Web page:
Yesterday (March 16), China’s government published a long-awaited urbanization plan for bringing some 85 million rural Chinese into cities between now and 2020. It stressed, as it has before, that the process should be “human-centered,” saying it would expand health insurance, pensions, and other public welfare services. Other impressive pledges include promises to spend over $163 billion redeveloping slums that often house migrant workers and build railways in every city with over 200,000 people.
But one data point undercuts the government’s promise to put people first. While the goal is for 60% (up from 53.7% today) of the Chinese population to be living in cities by 2020—in line with other countries with similar income levels—many of them will still be there as somewhat second-tier citizens. According to the government, by 2020 only 45% of the total Chinese population (up from 35.7% currently) will have an urban hukou, the residence permit that provides access to the full range of a city’s public benefits, like health care and school. That will mean 15% of the population—over 200 million people at today’s levels—will be city-dwellers without a hukou.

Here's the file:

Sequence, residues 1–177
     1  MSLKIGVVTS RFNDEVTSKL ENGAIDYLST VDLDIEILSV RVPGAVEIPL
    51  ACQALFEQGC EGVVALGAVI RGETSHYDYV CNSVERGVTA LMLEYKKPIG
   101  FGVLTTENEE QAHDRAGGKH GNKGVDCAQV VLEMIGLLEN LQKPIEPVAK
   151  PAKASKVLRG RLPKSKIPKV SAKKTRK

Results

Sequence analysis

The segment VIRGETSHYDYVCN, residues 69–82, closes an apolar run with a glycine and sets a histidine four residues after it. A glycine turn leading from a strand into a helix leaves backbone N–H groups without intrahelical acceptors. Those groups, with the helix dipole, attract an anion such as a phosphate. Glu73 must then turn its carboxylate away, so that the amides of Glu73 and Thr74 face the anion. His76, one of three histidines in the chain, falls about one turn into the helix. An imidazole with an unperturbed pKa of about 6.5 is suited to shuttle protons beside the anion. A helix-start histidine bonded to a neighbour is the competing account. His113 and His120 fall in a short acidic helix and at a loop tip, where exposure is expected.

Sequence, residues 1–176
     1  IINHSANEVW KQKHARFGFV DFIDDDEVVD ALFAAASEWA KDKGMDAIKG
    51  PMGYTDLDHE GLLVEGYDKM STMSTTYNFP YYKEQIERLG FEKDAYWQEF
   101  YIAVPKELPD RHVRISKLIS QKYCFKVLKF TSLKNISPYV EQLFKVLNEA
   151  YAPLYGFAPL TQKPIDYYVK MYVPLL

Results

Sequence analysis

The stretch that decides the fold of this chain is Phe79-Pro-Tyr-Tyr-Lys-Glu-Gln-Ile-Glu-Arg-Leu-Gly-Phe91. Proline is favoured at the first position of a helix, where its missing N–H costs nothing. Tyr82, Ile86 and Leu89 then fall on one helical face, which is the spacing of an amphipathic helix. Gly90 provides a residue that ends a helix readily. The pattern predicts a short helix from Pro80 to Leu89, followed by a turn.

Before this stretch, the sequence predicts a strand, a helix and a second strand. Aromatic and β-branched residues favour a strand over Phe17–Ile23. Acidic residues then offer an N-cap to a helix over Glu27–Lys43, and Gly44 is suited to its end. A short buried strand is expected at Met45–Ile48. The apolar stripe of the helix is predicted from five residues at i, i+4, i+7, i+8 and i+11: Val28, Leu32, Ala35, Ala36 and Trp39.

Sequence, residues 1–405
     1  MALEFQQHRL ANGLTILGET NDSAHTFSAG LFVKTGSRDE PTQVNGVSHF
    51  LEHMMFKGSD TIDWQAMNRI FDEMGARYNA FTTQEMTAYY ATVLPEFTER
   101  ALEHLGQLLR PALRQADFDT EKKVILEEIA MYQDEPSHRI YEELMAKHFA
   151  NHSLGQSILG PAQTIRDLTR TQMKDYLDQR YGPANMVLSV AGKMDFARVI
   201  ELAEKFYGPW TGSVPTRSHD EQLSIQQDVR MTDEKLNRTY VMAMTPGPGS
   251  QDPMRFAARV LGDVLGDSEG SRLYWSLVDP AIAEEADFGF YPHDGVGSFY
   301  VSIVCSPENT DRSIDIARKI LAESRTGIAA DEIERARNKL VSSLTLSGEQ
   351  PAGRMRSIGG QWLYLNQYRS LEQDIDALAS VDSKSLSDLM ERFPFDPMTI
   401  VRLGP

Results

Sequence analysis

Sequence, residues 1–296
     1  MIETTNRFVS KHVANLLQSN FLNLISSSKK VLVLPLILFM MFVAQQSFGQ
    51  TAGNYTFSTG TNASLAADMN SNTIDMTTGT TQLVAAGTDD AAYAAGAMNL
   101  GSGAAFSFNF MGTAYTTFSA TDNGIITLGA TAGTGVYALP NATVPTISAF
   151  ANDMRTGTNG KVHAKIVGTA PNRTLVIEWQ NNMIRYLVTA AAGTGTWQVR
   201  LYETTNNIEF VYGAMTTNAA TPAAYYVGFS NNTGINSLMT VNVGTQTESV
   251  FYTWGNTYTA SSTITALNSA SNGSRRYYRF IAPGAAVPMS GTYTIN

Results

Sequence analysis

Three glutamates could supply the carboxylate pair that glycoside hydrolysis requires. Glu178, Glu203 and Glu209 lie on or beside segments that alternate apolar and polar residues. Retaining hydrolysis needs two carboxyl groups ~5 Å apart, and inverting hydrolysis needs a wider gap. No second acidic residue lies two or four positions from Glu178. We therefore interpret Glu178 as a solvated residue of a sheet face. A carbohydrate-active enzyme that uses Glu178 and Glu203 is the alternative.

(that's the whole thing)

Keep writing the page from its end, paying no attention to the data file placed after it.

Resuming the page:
Hukou reform is considered the biggest obstacle to urbanization. China has loosened the requirements for gaining permanent residence in small cities in hopes of attracting rural labor, but workers and urbanization researchers say the measure hasn’t been that useful. Most migrant workers still opt for larger cities where salaries are higher and job options are more.
And even though premier Li Keqiang has promised to give over 100 million people urban hukou status by 2020, the government’s overarching goal is still to prevent workers from rural China from flooding into the wealthiest cities. In the plan, officials said they would strictly manage the population of cities with over 5 million people.